Deafax: How does your hearing affect your sexual health?

Posted on May 2, 2012

How does your hearing affect your sexual health?

You might think you’ve misread, but read again, because the chances are your hearing affects your sexual health a great deal…

Think back to school: perhaps you received sex education in the classroom? Did this rely on your teacher awkwardly explaining how women get pregnant? Or muttering under their breath whilst battling with a condom and a wooden stick… or perhaps you were shown a video; the voiceover drowned by whispers and giggles from the back of the room?

Maybe you waited until you were out in the playground to listen to what your classmates made of it all, or popped onto Google when you got home to find out the real nitty-gritty.

But what if you were deaf?

No problem! Hand a deaf person a leaflet on sex/pregnancy/STIs or pass on a website address, and Bob’s your uncle, all information is readily accessible and easy to understand, right? Wrong.

This common assumption: deaf people can rely on written material to access information – is a dangerous one. Research conducted by Deafax reveals that out of a sample of profoundly deaf mothers, 95% said that their deafness affects their literacy skills and English is not their first language.

83% stated that they left school with no sex education or that they missed important information because it was not clearly provided. 1/3 fell pregnant whilst under the influence of alcohol and drugs and many reported that as deaf mothers they felt isolated, with no communication with a midwife.

Out of all the health trusts that Deafax spoke to, just one had a midwife who could sign, she had funded her own training to BSL Level 3.

Concerned by these findings, Deafax have started delivering deaf-friendly sex education in schools across the UK and deaf awareness training to healthcare professionals. Whilst delivering this training, more and more cases came to light, highlighting the detrimental effects of not being clued up on sexual health:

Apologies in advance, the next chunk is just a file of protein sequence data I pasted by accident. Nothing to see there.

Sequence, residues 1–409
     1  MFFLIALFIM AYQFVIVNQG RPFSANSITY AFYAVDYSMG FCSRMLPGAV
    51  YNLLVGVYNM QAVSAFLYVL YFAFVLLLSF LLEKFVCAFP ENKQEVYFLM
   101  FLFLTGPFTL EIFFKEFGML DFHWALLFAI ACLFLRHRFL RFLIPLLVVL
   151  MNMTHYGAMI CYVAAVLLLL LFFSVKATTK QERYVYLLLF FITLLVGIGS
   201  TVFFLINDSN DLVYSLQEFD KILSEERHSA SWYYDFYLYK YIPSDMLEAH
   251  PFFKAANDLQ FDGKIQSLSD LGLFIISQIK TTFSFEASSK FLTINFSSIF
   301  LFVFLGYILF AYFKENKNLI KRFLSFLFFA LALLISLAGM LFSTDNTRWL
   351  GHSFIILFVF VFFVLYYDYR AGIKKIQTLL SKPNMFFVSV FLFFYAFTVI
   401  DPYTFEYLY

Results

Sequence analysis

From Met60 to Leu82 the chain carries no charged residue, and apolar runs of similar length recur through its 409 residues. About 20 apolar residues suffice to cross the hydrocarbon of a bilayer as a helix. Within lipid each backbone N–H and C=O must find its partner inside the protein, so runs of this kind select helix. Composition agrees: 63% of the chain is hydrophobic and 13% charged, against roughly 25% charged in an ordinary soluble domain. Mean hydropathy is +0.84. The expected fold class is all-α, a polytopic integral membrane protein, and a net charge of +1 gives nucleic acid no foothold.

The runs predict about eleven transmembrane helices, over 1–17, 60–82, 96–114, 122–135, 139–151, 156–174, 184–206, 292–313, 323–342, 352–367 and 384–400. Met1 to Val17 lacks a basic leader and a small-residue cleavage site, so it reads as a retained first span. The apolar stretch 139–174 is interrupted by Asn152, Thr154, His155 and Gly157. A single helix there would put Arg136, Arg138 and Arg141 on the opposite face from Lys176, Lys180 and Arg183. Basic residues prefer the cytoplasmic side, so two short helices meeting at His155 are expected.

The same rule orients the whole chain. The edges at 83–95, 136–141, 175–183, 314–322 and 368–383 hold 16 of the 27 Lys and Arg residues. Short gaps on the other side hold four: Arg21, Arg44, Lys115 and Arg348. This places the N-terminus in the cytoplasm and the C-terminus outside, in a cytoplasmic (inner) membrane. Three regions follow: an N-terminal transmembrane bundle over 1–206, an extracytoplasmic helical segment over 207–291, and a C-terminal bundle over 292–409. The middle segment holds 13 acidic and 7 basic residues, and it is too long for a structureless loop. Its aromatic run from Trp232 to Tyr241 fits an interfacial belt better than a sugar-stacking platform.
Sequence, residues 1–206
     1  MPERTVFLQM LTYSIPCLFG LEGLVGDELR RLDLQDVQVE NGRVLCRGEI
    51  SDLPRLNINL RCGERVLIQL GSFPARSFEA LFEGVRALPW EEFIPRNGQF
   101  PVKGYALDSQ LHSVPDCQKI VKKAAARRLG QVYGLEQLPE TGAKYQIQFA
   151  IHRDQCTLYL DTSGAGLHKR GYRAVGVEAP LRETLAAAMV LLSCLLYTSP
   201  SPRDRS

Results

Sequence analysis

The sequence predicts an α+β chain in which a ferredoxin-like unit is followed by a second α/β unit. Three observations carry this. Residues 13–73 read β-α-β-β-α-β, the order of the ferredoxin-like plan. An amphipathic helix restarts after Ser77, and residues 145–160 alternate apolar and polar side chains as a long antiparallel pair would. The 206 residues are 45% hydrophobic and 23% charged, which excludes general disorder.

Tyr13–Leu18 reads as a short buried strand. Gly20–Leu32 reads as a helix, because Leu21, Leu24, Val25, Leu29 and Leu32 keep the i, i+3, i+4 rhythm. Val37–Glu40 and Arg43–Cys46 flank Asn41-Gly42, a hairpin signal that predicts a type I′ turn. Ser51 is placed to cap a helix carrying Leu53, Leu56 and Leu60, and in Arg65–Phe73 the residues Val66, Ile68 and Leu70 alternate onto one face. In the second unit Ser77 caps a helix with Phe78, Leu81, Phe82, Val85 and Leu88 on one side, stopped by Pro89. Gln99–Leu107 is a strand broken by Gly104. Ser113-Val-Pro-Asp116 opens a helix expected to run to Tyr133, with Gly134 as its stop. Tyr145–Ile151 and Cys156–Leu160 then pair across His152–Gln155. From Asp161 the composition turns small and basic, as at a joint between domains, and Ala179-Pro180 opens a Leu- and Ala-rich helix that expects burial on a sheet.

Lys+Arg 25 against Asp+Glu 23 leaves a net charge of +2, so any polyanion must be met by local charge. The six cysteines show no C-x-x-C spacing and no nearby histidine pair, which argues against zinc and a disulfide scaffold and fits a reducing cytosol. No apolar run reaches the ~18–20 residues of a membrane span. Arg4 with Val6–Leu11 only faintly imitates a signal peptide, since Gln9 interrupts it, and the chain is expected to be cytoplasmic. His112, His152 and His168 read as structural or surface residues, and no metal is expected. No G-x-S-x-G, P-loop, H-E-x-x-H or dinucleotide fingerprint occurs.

“I didn’t know anything about sex, contraception or relationships when I left school, there was never anyone to ask who could explain properly to me in sign language. I didn’t know how many sexual partners were ‘normal.’”

“When I left school and left home, I was raped by a man. Then I had lots of men coming to my flat and asking me for sex, I just thought that it was what I was supposed to do” one deaf mother shared. By the time she learned about sexual health risks, she was already pregnant.

Having delivered a baby of a deaf mother, a midwife described hospital policy:

“We don’t have a specific policy for deaf mothers-to-be we just take each case as it comes. We had one deaf lady who was in labour; she was very distressed and had no interpreter.

Normally, I would talk to her and soothe her, but she couldn’t understand me so we decided to give her an epidural.”

Despite the Equality Act of 2010 stating that it is a legal requirement for all service providers to make provision for the needs of deaf and hard of hearing people, this isn’t happening.

It’s also not on, which is why Deafax has launched the Deaf E.A.R.S campaign: to provide Education & Advice on Relationships & Sex to deaf people and to encourage schools and healthcare services to do the same.

By conducting new research into a previously overlooked area, Deafax hope to bring issues surrounding deafness and sexual health to the public eye, so that deaf students and patients are no longer overlooked and denied equal access to health services.

To improve communication, Deafax has created brand-new Sexual Health Packages on Safe Sex and STIs. The Packages contain all you need to deliver deaf-friendly lessons in the classroom for deaf students, including Guidance Notes and visual resources. In addition, Deafax are able to offer Deaf Awareness training specifically for healthcare professionals.

For more information on Deafax’s campaign, click here:

To be part of the latest research in the area of sexual health, please complete this short, anonymous survey for deaf and hard-of-hearing people:

This article was written by Eleanor Davis, who is the E-Media & Campaigns Coordinator at Deafax. Eleanor has worked with the team to launch the deaf E.A.R.S campaign.Her mother is an interpreter and both her aunt and uncle are deaf – she loves sign language and feels passionate about improving equal access to sexual health education and services for deaf people. You can follow Deafax on Twitter: @Deafax or Eleanor: @EleanorD23

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Posted in: Deafax